Hello! I know there are many threads on study tips and resources for taking the CSET but I was hoping to get up to date tips and resources. Those who have taken the test this past year and passed or didn't pass, Which study books/guides do you feel actually provided useful information? Which would you recommend and which would you not recommend? Any specific websites? Tips on what will actually be covered in the subtests? Should I be memorizing theorems for the math section?

CSET-MS subject matter requirements are issued in one big document or broken down by subtest; the information is the same. Use whichever version you prefer as a checklist, both for what you need to know and for what your resources need to be covering. If you're going to shell out money for a resource, spend some time with it first to make sure (a) it doesn't cover only what you already know and (b) its teaching style doesn't offend your learning style. Bear in mind that the resource that works for someone else may not work for you. Work through the online practice subtests, paying attention not only to the content being tested but to how the questions get at that content: in general, CSET questions are much less about memorization and regurgitation than they are about using principles to work out answers. Do bear in mind also that no single test - and therefore no single practice test - can hope to cover ALL the content that could be tested. If you know the fundamentals of a field, by which I mean the basic principles and enough professional terminology not to look hopeless stupid in conversation with a sympathetic expert, it should be possible for you to reason your way to the answer you don't know cold even if your grasp on specifics is a bit weak. As for theorems, if you know what they are and what they're for, your math is in pretty decent shape. Plan on combining operations in unexpected ways, though.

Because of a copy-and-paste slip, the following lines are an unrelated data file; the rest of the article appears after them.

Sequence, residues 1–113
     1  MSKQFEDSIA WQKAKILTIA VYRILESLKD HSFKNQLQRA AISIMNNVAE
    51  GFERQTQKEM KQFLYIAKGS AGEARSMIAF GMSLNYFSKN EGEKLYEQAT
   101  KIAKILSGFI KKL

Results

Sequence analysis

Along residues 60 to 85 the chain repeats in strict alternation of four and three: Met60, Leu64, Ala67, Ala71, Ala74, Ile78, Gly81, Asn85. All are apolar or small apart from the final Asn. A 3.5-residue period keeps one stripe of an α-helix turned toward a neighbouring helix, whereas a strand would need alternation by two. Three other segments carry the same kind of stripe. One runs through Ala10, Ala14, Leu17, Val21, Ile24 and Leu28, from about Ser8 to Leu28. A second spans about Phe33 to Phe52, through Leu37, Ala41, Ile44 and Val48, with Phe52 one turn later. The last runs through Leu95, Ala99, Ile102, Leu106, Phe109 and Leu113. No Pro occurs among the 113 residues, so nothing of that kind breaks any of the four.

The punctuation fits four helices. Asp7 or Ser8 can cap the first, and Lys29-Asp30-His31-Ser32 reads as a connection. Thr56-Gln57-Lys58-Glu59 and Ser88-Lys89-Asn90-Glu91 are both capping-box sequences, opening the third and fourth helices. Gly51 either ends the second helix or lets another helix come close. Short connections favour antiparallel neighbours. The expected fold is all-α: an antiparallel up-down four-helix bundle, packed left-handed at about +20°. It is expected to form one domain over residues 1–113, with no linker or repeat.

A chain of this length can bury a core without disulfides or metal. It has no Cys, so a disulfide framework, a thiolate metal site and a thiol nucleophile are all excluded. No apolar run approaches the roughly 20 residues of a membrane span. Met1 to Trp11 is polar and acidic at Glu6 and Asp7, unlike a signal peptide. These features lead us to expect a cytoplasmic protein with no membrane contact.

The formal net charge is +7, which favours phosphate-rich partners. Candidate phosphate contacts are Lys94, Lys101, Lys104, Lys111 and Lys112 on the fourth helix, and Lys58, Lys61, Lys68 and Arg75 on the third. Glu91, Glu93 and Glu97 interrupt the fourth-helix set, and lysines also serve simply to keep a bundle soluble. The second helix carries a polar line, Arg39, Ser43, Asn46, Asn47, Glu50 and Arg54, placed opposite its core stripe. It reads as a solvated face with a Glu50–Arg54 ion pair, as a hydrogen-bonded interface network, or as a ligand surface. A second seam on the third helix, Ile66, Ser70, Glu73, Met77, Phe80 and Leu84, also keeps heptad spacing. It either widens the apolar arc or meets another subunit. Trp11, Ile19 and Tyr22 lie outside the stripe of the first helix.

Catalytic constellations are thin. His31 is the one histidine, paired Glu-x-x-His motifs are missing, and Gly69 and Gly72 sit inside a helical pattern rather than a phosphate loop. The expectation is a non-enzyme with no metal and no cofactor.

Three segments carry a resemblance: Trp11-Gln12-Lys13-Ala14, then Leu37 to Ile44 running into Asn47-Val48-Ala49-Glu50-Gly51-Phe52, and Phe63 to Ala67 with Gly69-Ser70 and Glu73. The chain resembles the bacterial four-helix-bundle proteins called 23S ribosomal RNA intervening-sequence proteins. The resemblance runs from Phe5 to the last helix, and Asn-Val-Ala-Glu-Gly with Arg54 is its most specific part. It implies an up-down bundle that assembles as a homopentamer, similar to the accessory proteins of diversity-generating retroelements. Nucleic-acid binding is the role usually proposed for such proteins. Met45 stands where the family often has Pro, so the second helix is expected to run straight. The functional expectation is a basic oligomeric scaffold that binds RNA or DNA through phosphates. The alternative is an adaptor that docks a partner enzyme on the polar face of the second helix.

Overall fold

I passed my CSET (Multiple Subjects) recently. I took the tests subset by subset since I feel I can't retain too much information at one go. I used the Cliffs Notes. It's good, but gives you an outline on subject matter. For the Science, History, I read up the 6, 7,8 the grade text books. Maths, I used the Cliffs notes, Khan academy videos which helped a lot. I am a special education teacher so I'd done the child development previously which helped. I was very confused with the dance and music material since I'm from India and was learning the western arts for the first time. But my knowledge in child development helped cover the rest. Yes, Wikipedia is a huge help. Made quite a lot of notes from it. In English, one is expected to give many examples in the constructed responses and one has to have good vocabulary. When taken separately one has plenty of time to finish the exam and recheck answers.

Hi teacher Groupie... I apologize but I am trying to find a thread for the CSET MS SUBTEST 3. I am taking it next week and would like some direction on resources to study. Any guidance or direction would be greatly appreciated Thank you